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Monday, December 4, 2017

The Historic FBI Office Burglary at Media, Pennsylvania

     On a March evening in 1971, eight antiwar protesters burglarized an FBI office in Media, Pennsylvania, just outside of Philadelphia, with astonishing ease. A few weeks of elementary surveillance had shown the vulnerability of the target: There were no cameras to elude, no alarms to disconnect. Because the building contained residential apartments, the group choose the night of the Joe Frazier-Muhammad Ali heavyweight championship fight, an ideal distraction. [Frazier came from Philadelphia and was the hometown favorite.]

     It turned out that the Pennsylvania office [a branch resident agency within the Philadelphia field division], like so many others across the country, had almost no physical protection. Security was largely symbolic, resting on the bureau's carefully buffed reputation for efficiency in tracking down America's "most wanted" criminals, from bank robbers to atomic spies. Put simply, no one messed with J. Edgar Hoover's FBI…

     The stolen material included the secret case histories of thousands of Americans. Much of it was malicious gossip about things like sexual deviance and race-mixing, two of Hoover's favorite subjects. Had this been all, the FBI very likely would have weathered the storm. Its pubic relations machine was enormous, and the officials charged with overseeing its operations were themselves wary of what lay in the files. Hoover had served for almost 50 years, under eight presidents, because nobody dared fire a man who, in Richard Nixon's words, could "pull down the temple with him, including me." [Hoover died less than a year after the burglary.]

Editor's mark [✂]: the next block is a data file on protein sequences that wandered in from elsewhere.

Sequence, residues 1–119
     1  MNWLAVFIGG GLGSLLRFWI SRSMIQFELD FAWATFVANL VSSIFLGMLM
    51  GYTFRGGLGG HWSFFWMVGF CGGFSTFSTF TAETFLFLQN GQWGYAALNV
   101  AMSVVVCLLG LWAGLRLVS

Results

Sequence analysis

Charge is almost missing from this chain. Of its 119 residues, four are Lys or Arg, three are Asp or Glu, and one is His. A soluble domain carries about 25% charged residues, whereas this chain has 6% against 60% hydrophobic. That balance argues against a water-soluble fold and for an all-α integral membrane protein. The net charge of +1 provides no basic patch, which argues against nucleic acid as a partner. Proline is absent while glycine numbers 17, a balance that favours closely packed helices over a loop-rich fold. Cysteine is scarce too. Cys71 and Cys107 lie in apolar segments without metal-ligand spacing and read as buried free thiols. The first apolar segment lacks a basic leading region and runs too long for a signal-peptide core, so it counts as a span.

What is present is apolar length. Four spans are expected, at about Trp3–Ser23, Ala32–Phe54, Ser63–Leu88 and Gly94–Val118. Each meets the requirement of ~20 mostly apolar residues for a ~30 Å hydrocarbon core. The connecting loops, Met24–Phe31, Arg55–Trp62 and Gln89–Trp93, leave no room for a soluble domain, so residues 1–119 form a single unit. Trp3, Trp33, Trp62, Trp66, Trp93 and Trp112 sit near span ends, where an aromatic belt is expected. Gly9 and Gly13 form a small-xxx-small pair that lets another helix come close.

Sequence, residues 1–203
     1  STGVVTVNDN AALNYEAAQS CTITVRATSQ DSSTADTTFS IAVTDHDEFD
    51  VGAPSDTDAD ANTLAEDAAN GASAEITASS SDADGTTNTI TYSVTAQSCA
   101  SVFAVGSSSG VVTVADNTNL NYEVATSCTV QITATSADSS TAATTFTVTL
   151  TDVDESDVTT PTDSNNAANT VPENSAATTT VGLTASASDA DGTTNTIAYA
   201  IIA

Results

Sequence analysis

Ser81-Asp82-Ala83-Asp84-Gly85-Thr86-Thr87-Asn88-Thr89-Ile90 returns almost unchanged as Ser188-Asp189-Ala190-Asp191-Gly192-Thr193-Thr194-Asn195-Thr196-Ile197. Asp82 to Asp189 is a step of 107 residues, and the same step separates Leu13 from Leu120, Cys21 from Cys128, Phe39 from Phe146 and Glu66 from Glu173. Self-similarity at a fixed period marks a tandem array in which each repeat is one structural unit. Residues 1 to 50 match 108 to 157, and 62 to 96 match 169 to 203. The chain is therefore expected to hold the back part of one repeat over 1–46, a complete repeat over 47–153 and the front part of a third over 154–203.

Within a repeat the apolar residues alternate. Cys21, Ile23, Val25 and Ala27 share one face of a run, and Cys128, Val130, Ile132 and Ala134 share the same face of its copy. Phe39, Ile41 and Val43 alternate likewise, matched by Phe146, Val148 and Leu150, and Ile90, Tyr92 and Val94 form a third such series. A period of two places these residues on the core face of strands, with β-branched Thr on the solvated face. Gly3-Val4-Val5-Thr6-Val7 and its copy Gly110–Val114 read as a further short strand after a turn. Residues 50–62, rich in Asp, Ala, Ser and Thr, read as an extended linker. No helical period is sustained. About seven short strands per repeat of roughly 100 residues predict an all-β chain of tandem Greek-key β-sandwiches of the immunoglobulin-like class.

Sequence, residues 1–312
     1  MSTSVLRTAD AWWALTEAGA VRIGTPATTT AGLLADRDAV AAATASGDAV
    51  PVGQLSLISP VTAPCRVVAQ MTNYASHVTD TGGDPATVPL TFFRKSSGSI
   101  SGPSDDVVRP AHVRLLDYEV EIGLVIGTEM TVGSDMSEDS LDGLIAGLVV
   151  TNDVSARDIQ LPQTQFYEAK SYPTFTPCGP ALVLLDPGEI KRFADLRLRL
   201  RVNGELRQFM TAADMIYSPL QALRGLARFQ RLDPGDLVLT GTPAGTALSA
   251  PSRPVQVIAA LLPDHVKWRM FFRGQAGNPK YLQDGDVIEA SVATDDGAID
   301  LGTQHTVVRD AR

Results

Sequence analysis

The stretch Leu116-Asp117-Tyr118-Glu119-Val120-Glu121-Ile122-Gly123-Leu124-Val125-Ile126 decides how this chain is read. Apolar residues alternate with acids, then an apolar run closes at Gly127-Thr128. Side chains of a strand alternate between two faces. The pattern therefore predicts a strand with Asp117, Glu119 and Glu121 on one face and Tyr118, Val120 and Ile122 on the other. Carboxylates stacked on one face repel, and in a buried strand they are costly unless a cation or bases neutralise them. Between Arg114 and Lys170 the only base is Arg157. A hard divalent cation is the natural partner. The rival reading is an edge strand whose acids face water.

But there was more…the most important stolen document was a routine routing slip containing the word "Cointelpro." The term meant nothing to the burglars, for good reason. Cointelpro was among the FBI's most carefully guarded secrets, a huge program of dirty tricks and illegal activities designed to "expose, disrupt, and otherwise neutralize" groups deemed subversive by the director…

David Oshinsky, "Breaking In," The New York Times Book Review, February 2, 2014

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